Rent Freeze a Win For Affordability

The new rent regulation adjustments went into effect in New York City on October 1, reflecting the historic June Rent Guidelines Board vote, held at the Great Hall at Cooper Union, which mandated no increase for one-year lease renewals and a two percent increase for two-year renewals. What had never been achieved in the 46-year existence of the RGB was finally pulled off — a rent freeze!

Many in the raucous crowd, featuring passionate housing groups from across the city, shouted in English and Spanish, “What do we want? Roll-back!” That would have meant an actual rent reduction for New Yorkers living in the city’s 1 million rent-stabilized units, which make up slightly less than half of the city’s total stock of 2.2 million rental apartments. At the news that there would only be a freeze, many started angrily crying out, “Shut it d down!”

Harvey Epstein, an RGB appointee, tried to put things into perspective and calm the crowd down: “Let’s realize, this is not a sprint. It’s a marathon. This is about today, this is about the future. We’ll be back next year to keep doing better and better.” In other words, the guidelines board, as currently composed by Mayor Bill de Blasio, will have at least two more go-rounds in his current term to either maintain a rent freeze or even mandate a rollback.

Clearly, the figures justify a rollback. In recent years, the RGB has exaggerated landlords’ projected operating expenses, using faulty numbers to justify rent hikes for hard-working New Yorkers trying to stay afloat in a tough economy. While salaries don’t keep pace with the cost of living, landlords have seen a net operating revenue increase of 34 percent since 1990.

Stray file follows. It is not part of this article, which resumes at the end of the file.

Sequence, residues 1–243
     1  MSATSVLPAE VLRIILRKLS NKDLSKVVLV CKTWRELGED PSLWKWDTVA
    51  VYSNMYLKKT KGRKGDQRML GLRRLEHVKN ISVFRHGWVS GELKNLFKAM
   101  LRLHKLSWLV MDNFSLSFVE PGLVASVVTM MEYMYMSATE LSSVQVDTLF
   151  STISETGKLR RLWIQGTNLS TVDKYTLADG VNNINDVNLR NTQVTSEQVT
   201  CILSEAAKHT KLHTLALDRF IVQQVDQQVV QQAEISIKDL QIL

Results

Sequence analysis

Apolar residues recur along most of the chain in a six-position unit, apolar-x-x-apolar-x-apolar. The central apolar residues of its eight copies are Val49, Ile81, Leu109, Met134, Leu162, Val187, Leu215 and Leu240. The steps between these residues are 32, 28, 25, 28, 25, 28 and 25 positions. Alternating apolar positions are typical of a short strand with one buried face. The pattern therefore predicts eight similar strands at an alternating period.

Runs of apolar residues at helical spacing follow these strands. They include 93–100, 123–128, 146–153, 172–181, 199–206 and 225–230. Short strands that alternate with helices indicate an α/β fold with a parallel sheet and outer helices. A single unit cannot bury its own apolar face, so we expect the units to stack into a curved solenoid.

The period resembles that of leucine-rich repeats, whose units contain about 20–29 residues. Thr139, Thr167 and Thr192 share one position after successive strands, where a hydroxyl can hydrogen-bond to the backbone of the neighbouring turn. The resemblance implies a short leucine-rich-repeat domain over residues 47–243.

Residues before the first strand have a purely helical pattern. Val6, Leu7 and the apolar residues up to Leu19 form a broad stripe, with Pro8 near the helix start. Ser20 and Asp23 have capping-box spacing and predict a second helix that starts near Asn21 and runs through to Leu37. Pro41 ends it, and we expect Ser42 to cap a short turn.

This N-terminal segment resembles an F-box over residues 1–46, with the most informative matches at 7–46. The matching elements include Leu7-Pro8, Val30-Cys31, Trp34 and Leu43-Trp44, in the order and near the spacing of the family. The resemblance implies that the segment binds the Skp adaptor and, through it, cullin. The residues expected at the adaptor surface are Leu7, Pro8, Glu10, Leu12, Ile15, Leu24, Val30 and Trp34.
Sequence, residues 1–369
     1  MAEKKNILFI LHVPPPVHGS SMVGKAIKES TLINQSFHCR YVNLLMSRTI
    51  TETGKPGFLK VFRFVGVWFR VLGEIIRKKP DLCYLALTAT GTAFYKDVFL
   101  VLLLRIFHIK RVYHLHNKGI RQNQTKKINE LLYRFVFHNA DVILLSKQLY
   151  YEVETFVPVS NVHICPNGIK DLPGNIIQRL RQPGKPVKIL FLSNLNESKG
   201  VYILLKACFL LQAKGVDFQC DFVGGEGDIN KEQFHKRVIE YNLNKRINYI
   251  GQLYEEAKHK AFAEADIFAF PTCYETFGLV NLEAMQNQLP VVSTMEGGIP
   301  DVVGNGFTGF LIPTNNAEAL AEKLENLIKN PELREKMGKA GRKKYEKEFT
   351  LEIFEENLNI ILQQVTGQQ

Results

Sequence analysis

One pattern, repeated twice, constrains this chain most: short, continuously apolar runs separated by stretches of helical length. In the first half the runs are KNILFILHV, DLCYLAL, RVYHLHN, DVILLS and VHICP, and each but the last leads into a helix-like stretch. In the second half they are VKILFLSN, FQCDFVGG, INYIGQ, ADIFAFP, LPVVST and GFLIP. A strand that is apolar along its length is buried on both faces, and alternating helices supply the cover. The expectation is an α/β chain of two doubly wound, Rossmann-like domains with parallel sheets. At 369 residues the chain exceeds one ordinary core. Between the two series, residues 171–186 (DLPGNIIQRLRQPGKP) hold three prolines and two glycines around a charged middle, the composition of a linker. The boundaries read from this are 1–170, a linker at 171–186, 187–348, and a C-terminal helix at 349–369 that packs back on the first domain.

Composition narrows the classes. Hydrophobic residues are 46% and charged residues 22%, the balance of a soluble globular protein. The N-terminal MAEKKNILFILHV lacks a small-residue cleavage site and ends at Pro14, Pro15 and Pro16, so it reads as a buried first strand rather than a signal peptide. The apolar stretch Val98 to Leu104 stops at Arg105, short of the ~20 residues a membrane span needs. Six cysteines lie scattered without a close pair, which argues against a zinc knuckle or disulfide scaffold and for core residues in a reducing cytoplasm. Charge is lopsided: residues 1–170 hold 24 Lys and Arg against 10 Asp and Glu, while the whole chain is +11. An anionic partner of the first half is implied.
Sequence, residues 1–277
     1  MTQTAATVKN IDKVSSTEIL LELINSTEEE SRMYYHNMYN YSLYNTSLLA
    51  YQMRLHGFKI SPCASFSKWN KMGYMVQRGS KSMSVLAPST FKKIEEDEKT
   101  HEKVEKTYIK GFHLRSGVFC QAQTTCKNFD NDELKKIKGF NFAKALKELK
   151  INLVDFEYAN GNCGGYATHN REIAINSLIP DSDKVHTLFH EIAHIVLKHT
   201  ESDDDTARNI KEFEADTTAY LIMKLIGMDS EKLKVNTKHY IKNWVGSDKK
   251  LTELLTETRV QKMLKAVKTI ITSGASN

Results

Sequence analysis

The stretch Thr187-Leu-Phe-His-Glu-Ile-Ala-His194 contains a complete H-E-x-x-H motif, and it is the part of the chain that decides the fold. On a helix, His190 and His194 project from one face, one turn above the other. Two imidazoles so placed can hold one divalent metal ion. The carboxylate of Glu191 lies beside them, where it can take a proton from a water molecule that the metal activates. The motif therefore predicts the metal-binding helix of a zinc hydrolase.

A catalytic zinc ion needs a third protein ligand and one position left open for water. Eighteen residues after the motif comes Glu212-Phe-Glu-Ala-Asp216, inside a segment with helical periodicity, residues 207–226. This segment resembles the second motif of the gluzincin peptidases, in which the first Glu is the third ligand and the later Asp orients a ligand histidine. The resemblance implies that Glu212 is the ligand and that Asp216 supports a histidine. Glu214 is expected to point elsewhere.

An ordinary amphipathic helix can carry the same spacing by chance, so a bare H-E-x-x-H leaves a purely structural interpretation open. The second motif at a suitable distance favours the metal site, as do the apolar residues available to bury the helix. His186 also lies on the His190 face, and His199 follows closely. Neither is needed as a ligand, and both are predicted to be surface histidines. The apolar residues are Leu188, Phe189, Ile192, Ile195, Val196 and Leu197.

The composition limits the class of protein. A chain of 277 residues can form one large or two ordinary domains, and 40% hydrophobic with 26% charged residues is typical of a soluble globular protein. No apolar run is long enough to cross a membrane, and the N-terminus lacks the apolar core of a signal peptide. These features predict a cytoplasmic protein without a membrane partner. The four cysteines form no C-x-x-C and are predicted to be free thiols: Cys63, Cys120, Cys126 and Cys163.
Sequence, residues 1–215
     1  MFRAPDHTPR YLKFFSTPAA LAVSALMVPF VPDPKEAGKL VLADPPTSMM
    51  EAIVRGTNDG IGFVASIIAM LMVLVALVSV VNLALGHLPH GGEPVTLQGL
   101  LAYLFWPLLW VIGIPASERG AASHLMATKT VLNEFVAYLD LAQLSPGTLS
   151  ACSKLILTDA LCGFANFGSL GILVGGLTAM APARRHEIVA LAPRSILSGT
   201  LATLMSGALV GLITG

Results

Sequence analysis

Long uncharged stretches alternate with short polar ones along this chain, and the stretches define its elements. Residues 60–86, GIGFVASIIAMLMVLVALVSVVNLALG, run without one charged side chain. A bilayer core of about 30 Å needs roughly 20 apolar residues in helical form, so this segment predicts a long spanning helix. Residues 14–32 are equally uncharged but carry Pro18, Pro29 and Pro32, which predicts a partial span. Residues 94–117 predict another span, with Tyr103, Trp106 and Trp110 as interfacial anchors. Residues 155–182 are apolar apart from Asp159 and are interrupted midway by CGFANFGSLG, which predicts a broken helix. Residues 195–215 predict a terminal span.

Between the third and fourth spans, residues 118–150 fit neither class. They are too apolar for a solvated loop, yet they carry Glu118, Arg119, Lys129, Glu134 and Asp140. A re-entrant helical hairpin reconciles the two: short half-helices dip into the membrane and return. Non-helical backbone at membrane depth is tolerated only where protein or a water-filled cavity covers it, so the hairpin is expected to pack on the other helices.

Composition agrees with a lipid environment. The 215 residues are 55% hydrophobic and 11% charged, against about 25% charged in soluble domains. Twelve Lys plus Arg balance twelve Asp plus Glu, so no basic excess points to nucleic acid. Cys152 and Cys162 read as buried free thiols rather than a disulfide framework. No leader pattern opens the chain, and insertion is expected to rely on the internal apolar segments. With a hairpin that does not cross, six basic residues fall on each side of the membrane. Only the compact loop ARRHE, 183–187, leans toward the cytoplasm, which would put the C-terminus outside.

Thankfully, the landlords’ price index used by the RGB to calculate rent increases this year was its lowest since 2002. Even if there is no rollback next year, two more years of rent freezes would go a long way toward helping tenants get by. As it is, 35 percent to 40 percent of city residents are currently paying half their income toward rent, to the point that they are, by definition, “rent burdened.” Three-quarters of a million New Yorkers are living below the poverty line. One setback and these folks are left reeling. It’s an untenable situation.

De Blasio has explained this situation very clearly, for example in his State of the City speech in January. Freezing rents was a huge step in addressing the city’s “affordability crisis,” as he has defined it. The mayor has taken his share of blows in his first two years, but the rent freeze was a dramatic display of his power to shape the city. What always seemed impossible is now a reality. He couldn’t quite manage it in his first year, since he hadn’t yet gotten control of all the RGB appointments. But firmly in the driver’s seat in year two, he made good on his pledge to hold the line on rents.

Landlords and real estate groups are predictably apoplectic over the rent freeze. “This is myopic,” complained a landlord representative on the board. But property owners will still be making their profits; it’s the unfair rent gouging that, at long last, is being stemmed. As Rachel Godsil, the board’s chairperson, so aptly put it: “Tenants are struggling, while landlords are doing okay. Our charge is not to widen the gap, but to make the system equitable.”


One big negative in the tenants’ world this year was Governor Andrew Cuomo’s failure to meaningfully raise the rental cap for vacancy decontrol, managing a boost of only $200, to $2,700. Vacancy decontrol has the potential to undo rent regulation over the long term by taking affordable units out of the system, and more should have been done. Still, the lack of a rent hike on October 1 is something to cheer.

Lincoln Anderson is editor-in-chief of The Villager, a sister publication to Gay City News.